Politicians prefer to announce big numbers, so while the forestry industry counts hectares under trees, the politicians would far rather talk about counting trees. There are several things wrong with this, not least that trees are not equal in terms of ground cover, nor in terms of the benefits they provide.

14. Using the figures above, show how many trees you think are planted per hectare. You may prefer to find a range of answers, but do justify your answer.

There is a dramatic difference in the cost of planting a two-year growth of tree in a forest extension and planting a semi-mature tree (defined as over 4m in height and with a girth of 20 cm or more) in a street in town. The first costs around £15 and the second more like £10,000, mostly because of having to move the services to make space for the tree root, which eventually will take up the same sort of volume as the foliage. DJS

15 Comment on how you think a local council might look at a proposal for more tree-lined avenues in town. By all means quote sources. Don't spend longer than twenty minutes on this, though!


Q1 2026 per ha, so say 2000.

Q2 100, since there are 10,000 m² per hectare and so a million m² to a square kilometre.

Q3 18.8% of 77910 is 14647km², 1,464,708ha (which will be rounded off to an answer of 1500 thousand hectares).

Q4 If the 18.8% is after the 10860ha are planted then 1,464,708 is 100% and 10,860ha represents 0.74% of the forested land, 0.14% of Scotland. 

Faulty answer: 0.74% is a lot bigger than 0.18% and at the 0.74% per year would reach the 21% figure by 2025. This is comparing the wrong figures; 0.74% applies to forested land, while 2.2 and 0,.183% apply to total Scottish land.

Q5 12 years to add (21-18.8= ) 2.2% suggests 0.183% added per year as a mean.   0.183% is bigger than 0.14%, so planting would need to rise by about 30% to meet this target.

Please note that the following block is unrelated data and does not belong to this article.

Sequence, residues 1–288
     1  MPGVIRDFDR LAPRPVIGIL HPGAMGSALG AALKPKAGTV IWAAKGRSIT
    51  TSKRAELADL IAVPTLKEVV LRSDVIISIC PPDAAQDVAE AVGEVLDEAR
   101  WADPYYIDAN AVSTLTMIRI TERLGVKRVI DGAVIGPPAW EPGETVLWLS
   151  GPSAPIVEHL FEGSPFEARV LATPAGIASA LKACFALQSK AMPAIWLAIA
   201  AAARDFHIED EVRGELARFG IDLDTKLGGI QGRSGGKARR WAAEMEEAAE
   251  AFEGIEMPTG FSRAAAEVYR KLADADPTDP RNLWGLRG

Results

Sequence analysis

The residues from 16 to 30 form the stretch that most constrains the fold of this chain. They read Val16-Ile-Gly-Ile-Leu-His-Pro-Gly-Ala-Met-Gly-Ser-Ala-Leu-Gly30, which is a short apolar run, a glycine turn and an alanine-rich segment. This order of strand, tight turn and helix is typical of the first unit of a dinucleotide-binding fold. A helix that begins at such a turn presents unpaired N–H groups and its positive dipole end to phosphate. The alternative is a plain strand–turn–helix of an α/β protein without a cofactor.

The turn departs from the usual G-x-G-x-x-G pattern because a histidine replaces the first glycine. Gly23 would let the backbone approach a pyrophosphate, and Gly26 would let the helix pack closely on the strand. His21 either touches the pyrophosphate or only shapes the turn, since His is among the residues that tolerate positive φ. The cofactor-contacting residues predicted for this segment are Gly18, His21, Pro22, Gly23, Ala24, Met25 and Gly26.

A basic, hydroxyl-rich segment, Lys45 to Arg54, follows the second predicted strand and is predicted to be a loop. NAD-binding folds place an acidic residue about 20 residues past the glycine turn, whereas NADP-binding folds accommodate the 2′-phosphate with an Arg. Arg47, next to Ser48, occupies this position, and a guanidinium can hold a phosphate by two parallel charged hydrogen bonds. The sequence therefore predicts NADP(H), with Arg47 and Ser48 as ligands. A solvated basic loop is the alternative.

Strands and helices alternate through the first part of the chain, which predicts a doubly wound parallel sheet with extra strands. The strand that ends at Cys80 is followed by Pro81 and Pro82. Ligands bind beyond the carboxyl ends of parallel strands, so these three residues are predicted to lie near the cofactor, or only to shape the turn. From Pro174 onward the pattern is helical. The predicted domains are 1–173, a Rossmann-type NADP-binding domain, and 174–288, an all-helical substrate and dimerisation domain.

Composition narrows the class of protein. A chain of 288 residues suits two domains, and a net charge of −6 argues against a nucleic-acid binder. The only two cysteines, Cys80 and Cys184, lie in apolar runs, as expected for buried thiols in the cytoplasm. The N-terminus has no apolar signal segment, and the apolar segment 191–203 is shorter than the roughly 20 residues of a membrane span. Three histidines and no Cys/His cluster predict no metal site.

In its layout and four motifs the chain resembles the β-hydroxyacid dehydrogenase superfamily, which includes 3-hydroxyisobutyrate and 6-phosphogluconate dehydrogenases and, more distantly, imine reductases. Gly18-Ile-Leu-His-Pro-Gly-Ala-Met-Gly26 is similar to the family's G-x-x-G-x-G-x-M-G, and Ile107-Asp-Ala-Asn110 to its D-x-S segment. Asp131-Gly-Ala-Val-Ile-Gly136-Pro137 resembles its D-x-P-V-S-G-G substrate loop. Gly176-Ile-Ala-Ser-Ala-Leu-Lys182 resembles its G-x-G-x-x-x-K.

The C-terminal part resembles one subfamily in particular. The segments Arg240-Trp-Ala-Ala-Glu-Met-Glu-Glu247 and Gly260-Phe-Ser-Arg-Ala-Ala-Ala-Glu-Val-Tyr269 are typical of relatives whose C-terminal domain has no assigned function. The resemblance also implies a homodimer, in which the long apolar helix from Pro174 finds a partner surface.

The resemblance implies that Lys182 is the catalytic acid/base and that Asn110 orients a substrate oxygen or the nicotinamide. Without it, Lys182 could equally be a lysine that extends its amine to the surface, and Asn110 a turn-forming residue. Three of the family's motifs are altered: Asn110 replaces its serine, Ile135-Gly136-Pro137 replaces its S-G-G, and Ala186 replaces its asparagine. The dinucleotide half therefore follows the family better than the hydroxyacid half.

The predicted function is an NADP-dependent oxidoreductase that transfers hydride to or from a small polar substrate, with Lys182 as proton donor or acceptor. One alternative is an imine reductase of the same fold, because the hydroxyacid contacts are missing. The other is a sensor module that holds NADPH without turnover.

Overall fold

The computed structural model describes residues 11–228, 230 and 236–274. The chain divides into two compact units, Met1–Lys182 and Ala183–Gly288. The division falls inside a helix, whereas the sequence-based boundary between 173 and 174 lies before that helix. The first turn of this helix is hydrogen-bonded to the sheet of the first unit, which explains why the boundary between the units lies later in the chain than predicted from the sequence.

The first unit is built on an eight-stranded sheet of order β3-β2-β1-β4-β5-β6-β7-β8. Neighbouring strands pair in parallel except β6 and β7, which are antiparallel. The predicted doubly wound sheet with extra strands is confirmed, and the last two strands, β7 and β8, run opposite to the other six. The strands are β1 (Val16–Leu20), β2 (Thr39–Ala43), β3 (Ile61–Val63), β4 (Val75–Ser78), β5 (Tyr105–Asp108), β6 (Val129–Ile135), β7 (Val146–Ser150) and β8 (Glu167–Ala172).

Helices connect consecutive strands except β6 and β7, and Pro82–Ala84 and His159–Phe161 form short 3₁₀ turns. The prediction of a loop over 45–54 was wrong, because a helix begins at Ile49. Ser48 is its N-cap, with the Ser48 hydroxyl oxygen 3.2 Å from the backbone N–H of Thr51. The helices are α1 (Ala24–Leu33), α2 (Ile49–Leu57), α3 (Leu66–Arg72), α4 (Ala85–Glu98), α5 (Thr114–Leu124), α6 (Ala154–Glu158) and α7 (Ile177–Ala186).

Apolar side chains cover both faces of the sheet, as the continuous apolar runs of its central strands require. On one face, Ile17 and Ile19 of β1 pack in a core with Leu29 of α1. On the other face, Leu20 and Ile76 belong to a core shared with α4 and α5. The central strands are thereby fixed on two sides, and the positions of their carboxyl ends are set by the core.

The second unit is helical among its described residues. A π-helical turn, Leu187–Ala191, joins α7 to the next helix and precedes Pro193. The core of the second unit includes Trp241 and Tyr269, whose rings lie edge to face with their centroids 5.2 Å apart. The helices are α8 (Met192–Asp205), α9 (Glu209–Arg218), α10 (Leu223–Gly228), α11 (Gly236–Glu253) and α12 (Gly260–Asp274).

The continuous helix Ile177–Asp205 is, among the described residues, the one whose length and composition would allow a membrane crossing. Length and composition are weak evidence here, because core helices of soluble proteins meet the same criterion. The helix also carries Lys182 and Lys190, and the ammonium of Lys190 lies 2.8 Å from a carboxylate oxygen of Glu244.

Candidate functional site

Q6 21% of 77910km² is 1,636,110 ha. 2.2% of 77910km² is 171,402ha. 

Q7 141,402 ha across 12 years is 14,283 ha per year, quite a bit higher than the 10860 quoted for 2020. This agrees with Q5 answer.

Q8 10.05-9.59 = 0.46% across twenty years is 0.023% per year.

Q9 if 0.023% is 2100 ha, 100% is 91,304k

Q10 10.05% of 130279 is 13093km² or 1,309,300 ha, say 1.3 million hectares.

Clearly the ten year average 2009-19 and the twenty year average 1999-2019 are quite different.

Q11 25 years of 30 kha (300km² per year) is 7500km² more under trees, an additional 5.75% of England's land area.

Q12 To go from 10% to 30% of land area in 30 years is about 0.67% per year. 0.67% of England's land area is 519km² per year, more like 50 thousand hectares per year than 30 thousand.

Q13 2020 area under woodland is10.05%. Call 2020-2050 30 years at 30 kha per year, which is 900kha or 9000km² additional growth, an additional 11.55% of land area, taking us to 21.6%. whether we call this 20% or 21% or 22% depends on how much we trust the 30 thousand number to be given to one, two or three significant figures. 

We must recognise that England is much more densely packed with people than the other UK nations. That suggests that the competition for land to convert to woodland might be hard to find. That does not excuse England such that they can, for example, declare that their share of trees is in Scotland. If the UK target is indeed more like 30%, then reaching 22% by 2050 is a relatively weak target.

Q14 Any number from 1000 per hectare to 1750 per hectare fits the available information (and I've looked quite a bit wider than what is given here). 

Q15 My research is in Essay 356. I suggest that private money, possibly funded largely by the state will account for the bulk of forest planting, including all that done by the Forestry Commission  Forest Scotland, etc. Farmers and other landowners will be given incentives to plant (and maintain) woodland. We have to hope that we have enough variety for the ecological benefits and also that the many pests infecting our woodlands are given enough attention to keep them in check. At an urban level, though, there is a growing body of evidence that says that the street scene has a significant effect on public attitudes to their locality (trees being a good thing). But we've done this on the cheap and it shows, so we must learn to do it right and to successfully separate tree from underground services (cables and pipes) — all of which costs public money.

DJS 20210806